This brings me to the yoga I did at home today. I won’t lie to you, the past month has been challenging. I took the USMLE Step 2 exam (last board exam of medical school), and I put tremendous expectations on myself. I can typically find strength in pressure, but I also recognized during this period that this may sometimes be maladaptive. Sometimes extra pressure or unnecessary expectations can lead to sacrificing mental health or wellbeing. It was a lesson I am really thankful to have learned because I know the pressure and stress to work hard will only increase as I become a doctor (in less than a year!). I’ve also felt MAJOR imposter syndrome as I prepare for residency application. Maybe it’s just me (that is imposter syndrome convincing me at its finest), but I feel overwhelmed about applying to residency. There are some days that I am so proud, confident, and excited about what I have accomplished while in medical school, and I feel even more empowered about what I plan to accomplish as an anesthesiologist. There are other days (like today) where I wonder if anyone will think I am a worthy applicant and future doctor. I try to block these thoughts, but they linger. They steal moments of joy and happiness that I wish I could have back.
I did 30 minutes of yoga to treat these negative thoughts in the best way for me: movement. I started moving through a yoga flow, and I came to a half-moon position. This pose is where you are standing on one leg, hinged at the hips, with your opposite leg lifted and externally rotated in the air. It is a tough pose to hold. As I was doing this difficult position, my gaze shifted back and forth along the ground and I hobbled and wobbled until I fell over. Frustrated, I picked myself up and decided to stop letting my thoughts drag me in a million directions and instead fixate on a point on the ground and hold the position. I found a place in my kitchen floor where the tiles intersected and set my vision on that point. I focused, and I held my body in the air without a single wobble. I was focused on something constant, something outside of myself, and it allowed me to do something hard. This little message rang clear in my head: the past few weeks I have been shifting my gaze, letting my focus bounce around without a clear focal point. I have been wobbling and hobbling and falling around each day. When I am down, I tend to settle on something within myself that cannot pick me up. I need to fixate, focus, and set my vision on something more permanent. Something that is immovable in comparison to my shifting perspective of myself. For different people, this will be something different. For me, this immovable focus is that my purpose reaches beyond what I get on an exam, where I go for residency, even what type of doctor I become. My purpose is set by God’s plan for my life, and when I try to ride the currents of my own willpower and plan, I will certainly find it rocky and unpleasant. This analogy also reminded me to find strength in those people in our lives who are steady, constant. To lean on them when we are unsteady or wobbly. Imposter syndrome can have a toll on our confidence and self-worth, convince us that we are something we are not. Instead of falling into the same trap over and over, we need to steady our gaze, find our focus, and quiet our minds to do what we are here to do, whatever that may be for you.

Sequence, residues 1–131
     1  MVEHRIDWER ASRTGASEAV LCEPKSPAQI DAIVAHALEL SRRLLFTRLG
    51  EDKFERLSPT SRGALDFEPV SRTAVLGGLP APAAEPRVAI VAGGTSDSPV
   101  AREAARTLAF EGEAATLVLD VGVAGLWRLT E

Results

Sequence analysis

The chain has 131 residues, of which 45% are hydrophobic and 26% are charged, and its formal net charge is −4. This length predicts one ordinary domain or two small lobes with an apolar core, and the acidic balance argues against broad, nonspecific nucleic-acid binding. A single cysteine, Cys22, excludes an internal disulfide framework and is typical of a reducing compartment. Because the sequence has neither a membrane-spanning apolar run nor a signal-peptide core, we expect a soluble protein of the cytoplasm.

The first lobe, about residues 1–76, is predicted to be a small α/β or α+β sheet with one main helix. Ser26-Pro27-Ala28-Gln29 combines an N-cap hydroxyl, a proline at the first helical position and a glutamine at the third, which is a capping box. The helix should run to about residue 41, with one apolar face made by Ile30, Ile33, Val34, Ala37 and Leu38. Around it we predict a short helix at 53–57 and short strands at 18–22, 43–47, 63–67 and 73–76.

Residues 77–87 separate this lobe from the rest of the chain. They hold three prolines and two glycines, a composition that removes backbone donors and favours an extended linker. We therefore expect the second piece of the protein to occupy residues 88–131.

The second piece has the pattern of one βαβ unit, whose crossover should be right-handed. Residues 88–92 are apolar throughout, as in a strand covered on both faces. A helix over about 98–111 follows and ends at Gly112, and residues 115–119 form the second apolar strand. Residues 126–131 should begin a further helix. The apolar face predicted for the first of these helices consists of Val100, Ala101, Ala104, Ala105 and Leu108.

With reminders like this, I need to do yoga more often!